Association for Behavior Analysis International

The Association for Behavior Analysis International® (ABAI) is a nonprofit membership organization with the mission to contribute to the well-being of society by developing, enhancing, and supporting the growth and vitality of the science of behavior analysis through research, education, and practice.


34th Annual Convention; Chicago, IL; 2008

Event Details

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Paper Session #553
Optimizing Learning in Children with Autism
Tuesday, May 27, 2008
12:00 PM–1:20 PM
Area: AUT
Chair: Jenny E. Tuzikow (Devereux CARES)
Comparison of Prompt Strategies for Teaching Students with Autism.
Domain: Applied Research
Abstract: The literature on using prompts to teach children with special needs recommends a variety of prompting procedures to effectively teach specific skills. However, Riley (1995) states that the guidelines for using prompt hierarchies are frequently “poorly defined” and “lack adequate experimental support.” Furthermore, a great deal of controversy exists as to how intrusive certain prompts actually are to the student (Riley, 1995). This only contributes to the confusion that teachers experience when they attempt to select appropriate prompting strategies to teach their students. In addition, no clear evidence exists as to which prompts promote higher rates of learning acquisition thereby leading to greater independence of skill performance. As a result of this uncertainty, the current study attempts to examine the efficacy of utilizing physical and verbal prompting to teach independent greetings to four children with autism. The participants attended an Approved Private School for children with autism. They were identified because they did not meet their expected levels of performance on their IEP goal of initiating and responding to greetings. A multiple baseline design combined with a multiple treatment reversal design (ABACA) was utilized. The results of the study will be presented and implications will be discussed.
Are the Reinforcers Reinforcing? Analysis of Motivation Using a Computer-Assisted Learning Program for Autism.
Domain: Applied Research
SHANNON CERNICH (TeachTown), Christina Whalen (TeachTown)
Abstract: Twenty children with autism (ages 5-12 years) were videotaped using the TeachTown: Basics computer-assisted ABA program. Children were observed for 10-12 minutes using the software. All participants were assessed using standardized language and autism severity measures. Language, joint attention, motivation, attention, and social behaviors were measured during learning trials and during "reinforcer" games via videotaped scoring. No external reinforcers were provided while using the software program, but children were re-directed to the computer if they walked away until their session was finished. "Reinforcement" is discussed along with using secondary reinforcement and "learning to learn" to make activities that were previously not reinforcing become more reinforcing over time to maximize learning.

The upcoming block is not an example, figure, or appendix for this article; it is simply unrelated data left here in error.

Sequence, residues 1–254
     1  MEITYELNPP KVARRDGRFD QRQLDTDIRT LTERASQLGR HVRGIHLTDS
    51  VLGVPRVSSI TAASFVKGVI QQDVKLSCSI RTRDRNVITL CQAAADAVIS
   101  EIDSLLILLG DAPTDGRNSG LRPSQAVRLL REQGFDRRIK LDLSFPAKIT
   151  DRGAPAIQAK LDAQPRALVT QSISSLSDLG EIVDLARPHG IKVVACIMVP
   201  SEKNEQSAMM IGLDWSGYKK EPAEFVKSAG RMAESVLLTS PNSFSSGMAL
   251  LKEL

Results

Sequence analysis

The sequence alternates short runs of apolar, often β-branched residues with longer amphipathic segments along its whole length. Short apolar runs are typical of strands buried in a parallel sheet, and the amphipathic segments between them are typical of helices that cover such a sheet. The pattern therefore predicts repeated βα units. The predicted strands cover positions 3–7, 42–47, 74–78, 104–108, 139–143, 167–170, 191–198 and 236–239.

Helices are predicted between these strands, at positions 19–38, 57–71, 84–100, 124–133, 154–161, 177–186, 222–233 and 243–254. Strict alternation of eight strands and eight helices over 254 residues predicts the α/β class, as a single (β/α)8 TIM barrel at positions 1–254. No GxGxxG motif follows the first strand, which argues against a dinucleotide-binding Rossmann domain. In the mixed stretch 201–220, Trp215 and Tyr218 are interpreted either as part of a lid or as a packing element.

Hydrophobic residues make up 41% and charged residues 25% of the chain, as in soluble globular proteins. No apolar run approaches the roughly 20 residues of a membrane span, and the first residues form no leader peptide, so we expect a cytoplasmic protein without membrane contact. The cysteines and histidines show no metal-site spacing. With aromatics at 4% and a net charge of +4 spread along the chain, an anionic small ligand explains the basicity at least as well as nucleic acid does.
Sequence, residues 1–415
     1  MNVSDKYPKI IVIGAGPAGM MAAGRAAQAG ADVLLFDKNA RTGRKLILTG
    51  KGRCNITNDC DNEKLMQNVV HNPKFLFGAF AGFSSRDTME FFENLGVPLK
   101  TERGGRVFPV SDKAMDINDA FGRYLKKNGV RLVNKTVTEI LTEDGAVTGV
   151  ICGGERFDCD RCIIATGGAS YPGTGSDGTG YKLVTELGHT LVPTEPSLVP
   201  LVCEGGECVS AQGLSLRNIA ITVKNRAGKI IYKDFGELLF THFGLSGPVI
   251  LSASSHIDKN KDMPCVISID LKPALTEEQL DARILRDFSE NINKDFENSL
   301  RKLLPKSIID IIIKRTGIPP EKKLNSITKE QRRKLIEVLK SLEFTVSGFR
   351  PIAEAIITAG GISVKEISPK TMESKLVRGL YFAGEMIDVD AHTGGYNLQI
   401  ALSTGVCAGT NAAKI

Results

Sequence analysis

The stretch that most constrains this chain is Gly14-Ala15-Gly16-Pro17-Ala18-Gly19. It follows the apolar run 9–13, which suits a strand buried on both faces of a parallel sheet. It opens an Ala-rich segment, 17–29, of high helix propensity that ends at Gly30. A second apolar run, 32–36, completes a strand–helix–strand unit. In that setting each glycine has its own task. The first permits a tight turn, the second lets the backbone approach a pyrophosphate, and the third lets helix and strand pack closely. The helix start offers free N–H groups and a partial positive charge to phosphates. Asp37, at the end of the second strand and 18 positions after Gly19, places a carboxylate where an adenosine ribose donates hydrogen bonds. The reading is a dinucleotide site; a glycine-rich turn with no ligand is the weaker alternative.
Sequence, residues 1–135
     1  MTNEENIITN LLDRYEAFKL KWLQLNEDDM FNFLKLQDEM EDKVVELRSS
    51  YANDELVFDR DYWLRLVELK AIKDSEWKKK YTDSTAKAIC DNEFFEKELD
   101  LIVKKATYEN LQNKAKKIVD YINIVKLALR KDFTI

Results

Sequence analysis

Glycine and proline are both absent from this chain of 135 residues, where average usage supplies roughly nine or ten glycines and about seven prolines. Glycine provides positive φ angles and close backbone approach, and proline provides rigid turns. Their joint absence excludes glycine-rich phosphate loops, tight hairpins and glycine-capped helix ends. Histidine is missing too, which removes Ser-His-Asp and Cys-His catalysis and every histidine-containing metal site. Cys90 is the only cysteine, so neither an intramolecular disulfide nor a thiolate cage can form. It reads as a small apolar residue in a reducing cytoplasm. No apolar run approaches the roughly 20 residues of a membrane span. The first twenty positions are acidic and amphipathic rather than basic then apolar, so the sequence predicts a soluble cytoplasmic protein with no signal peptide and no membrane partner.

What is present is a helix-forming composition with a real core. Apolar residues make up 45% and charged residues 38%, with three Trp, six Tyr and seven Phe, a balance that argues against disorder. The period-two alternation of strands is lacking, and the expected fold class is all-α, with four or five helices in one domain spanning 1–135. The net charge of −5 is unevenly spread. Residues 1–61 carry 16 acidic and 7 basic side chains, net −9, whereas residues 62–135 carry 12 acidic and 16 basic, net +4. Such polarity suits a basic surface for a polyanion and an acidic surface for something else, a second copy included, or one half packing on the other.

Using High Interest Visuals to Increase Learning Trends for Students with Autism.
Domain: Applied Research
ARLENE DWORKIN KAYE (CREC River Street Autism Program, Coltsville)
Abstract: Educating children with autism is often challenging and may require significant individualized support. Identification and ongoing assessment of reinforcers in both analogue and natural paradigms is a hallmark of behavioral science and is, without question, pivotal when designing programming for students with ASDs. To the dismay of interventionists, a variety of issues, including satiation and competing value of self-stimulatory behaviors, can interfere with efforts to maintain their arsenal of powerful reinforcers. There is also a body of research that suggests that antecedent stimuli can be associated with escape behaviors in demand contexts. Even when visual schedules are being used effectively, introduction of less preferred activities can occasion problem behaviors. This paper will illustrate ways in which materials can be amended to incorporate student-specific interests. Data presented will demonstrate positive learning trends noted when visuals were embedded with characters or topic backgrounds that were of particular interest to the target student. In some cases, tasks that occasioned problem behaviors not only became preferred, but ultimately became a student’s strongest reinforcer. Technical information and useful references that can be used to individualize materials will be provided. Specific examples of modifications will be included in the PowerPoint program accompanying the presentation.



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